Undergraduate English major, Jacob Gerald Ring was recently accepted to  attend the Bicentennial Undergraduate Conference Mary Shelley’s Frankenstein , sponsored by the English Department at the University of South Dakota for his paper titled, “Frankenstein in Film: A Critical Analysis of Complimenting Perspectives,” In this paper, Ring discusses James Whale’s 1931 adaptation of Mary Shelly’s Frankenstein, which Ring claims spearheaded Hollywood horror through its original presentation of Frankenstein’s monster, whose image continues to reverberate in popular culture. Despite that Whale’s creative decisions were by no means an “objective” analysis of the original text, they served to critically elucidate Shelly’s marvel. Quite simply, Whale’s adaptation, which relies heavily on German expressionism, assisted in importing Shelly’s Gothic mood into film and served to underscore the foundational sociopsychological themes addressed in the novel apropos the nature of the abject, the Other, “Man” and his pathological superiority complex, and the failings of technological exceptionalism. Collectively these decisions amount to mise en scene of augmented anxiety provocation in which lighting, set design, framing, camera angle/shot, acting, and sound effects illustrate subliminal, repressed psychical disturbances natural to modernity and oppressive masculinity.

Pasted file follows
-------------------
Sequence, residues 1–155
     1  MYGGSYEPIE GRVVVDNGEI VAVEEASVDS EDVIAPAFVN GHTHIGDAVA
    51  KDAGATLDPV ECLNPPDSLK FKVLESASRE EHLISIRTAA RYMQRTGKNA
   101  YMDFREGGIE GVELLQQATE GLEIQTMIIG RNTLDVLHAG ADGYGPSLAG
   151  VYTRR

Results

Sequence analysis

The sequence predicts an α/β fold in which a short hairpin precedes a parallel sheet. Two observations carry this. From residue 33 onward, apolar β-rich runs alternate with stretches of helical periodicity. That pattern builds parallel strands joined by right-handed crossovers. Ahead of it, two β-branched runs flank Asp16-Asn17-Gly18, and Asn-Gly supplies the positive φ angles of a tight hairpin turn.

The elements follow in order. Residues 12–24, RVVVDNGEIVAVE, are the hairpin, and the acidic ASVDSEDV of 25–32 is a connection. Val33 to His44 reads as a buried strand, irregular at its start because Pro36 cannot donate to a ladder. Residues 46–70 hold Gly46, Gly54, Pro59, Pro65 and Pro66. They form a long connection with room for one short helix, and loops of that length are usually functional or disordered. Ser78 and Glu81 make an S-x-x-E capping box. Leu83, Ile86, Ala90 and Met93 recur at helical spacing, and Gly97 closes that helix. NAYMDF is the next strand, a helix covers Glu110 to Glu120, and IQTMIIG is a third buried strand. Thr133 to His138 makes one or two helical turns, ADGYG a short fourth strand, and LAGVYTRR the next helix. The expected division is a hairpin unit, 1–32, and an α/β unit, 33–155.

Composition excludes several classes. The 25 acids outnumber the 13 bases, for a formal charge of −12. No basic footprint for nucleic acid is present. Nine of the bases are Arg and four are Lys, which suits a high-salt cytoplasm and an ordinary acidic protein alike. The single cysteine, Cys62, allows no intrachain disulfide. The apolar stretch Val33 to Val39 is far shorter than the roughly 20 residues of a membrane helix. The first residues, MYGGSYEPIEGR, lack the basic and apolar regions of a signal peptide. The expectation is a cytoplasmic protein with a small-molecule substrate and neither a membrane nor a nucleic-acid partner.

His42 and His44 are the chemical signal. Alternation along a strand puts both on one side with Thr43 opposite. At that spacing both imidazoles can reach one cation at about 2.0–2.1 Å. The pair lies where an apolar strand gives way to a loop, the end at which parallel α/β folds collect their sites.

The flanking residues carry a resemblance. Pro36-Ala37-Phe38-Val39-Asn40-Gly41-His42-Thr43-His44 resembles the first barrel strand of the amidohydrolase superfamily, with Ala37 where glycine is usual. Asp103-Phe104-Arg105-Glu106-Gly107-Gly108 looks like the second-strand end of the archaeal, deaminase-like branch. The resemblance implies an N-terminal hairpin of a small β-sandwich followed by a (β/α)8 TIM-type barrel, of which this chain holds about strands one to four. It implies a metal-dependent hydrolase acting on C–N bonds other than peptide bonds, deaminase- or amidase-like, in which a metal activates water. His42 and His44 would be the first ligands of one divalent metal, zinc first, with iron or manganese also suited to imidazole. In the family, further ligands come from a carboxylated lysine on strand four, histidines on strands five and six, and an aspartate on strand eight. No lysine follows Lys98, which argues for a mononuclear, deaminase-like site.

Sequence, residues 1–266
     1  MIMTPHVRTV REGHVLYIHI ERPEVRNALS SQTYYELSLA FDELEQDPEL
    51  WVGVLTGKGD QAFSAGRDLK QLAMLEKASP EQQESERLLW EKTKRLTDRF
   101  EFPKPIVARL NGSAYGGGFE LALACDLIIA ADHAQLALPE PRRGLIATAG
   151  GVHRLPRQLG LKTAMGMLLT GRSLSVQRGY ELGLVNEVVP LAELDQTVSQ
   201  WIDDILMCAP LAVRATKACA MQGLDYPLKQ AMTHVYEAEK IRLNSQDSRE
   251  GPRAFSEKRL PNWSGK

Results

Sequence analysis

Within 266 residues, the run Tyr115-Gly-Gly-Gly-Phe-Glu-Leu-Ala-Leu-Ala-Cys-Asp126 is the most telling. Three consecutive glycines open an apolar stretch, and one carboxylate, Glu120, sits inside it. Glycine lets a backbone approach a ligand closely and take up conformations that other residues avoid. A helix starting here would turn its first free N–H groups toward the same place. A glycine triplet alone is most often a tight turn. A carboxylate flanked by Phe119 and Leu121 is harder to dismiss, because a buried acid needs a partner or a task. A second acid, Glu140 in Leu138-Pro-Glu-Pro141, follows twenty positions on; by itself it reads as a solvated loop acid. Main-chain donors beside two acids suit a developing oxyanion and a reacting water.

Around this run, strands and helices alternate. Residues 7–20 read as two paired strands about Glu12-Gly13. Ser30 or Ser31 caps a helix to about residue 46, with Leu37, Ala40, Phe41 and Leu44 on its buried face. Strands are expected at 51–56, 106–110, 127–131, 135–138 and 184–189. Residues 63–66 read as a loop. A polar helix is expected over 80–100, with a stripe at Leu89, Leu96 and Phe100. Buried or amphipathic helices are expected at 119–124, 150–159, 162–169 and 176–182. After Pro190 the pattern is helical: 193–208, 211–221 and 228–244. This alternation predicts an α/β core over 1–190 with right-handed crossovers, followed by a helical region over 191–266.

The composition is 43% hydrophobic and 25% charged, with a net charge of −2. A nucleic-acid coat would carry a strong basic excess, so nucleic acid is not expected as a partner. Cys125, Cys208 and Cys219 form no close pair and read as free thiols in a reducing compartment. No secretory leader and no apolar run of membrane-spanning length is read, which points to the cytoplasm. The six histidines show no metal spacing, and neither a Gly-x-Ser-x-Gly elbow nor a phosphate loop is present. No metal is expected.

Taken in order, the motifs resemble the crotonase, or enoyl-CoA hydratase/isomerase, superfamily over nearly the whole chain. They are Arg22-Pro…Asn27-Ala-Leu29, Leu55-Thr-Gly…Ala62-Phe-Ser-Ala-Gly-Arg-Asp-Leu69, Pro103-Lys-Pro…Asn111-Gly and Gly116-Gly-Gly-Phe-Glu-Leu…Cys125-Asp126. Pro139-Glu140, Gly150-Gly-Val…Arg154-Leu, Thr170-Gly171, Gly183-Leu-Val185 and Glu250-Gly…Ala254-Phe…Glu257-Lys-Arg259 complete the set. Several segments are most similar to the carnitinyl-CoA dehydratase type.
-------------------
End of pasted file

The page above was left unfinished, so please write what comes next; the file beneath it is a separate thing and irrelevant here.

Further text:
The Frankenstein Bicentennial Undergraduate Conference features panels of undergraduate students presenting critical papers on Frankenstein and related topics. The University of South Dakota held a Frankenstein 200! Symposium in February, and this upcoming conference, which is scheduled to occur in October, is part of Frankenreads, an ongoing international celebration of the 200th anniversary of Shelley’s novel organized by the Keats-Shelley Association of America.

Jacob Ring is majoring in English, Philosophy, Psychology, and Economics  with a minor in Interdisciplinary Studies. With respect to English, he is interested in literary analysis and theory – more specifically,  Gothic literature, African American literature, and Postmodernist literature. After graduating with his B.A., Ring plans to enroll in a Ph.D. program in English, Philosophy, or Psychology.